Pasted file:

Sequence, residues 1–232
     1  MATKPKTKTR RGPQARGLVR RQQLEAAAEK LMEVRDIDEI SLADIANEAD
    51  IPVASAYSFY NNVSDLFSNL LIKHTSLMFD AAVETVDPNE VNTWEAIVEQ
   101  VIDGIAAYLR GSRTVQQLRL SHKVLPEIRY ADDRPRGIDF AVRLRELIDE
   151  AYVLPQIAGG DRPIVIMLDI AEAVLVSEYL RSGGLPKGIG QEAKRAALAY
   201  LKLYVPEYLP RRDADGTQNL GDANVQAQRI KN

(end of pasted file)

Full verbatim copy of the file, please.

Sequence, residues 1–232
     1  MATKPKTKTR RGPQARGLVR RQQLEAAAEK LMEVRDIDEI SLADIANEAD
    51  IPVASAYSFY NNVSDLFSNL LIKHTSLMFD AAVETVDPNE VNTWEAIVEQ
   101  VIDGIAAYLR GSRTVQQLRL SHKVLPEIRY ADDRPRGIDF AVRLRELIDE
   151  AYVLPQIAGG DRPIVIMLDI AEAVLVSEYL RSGGLPKGIG QEAKRAALAY
   201  LKLYVPEYLP RRDADGTQNL GDANVQAQRI KN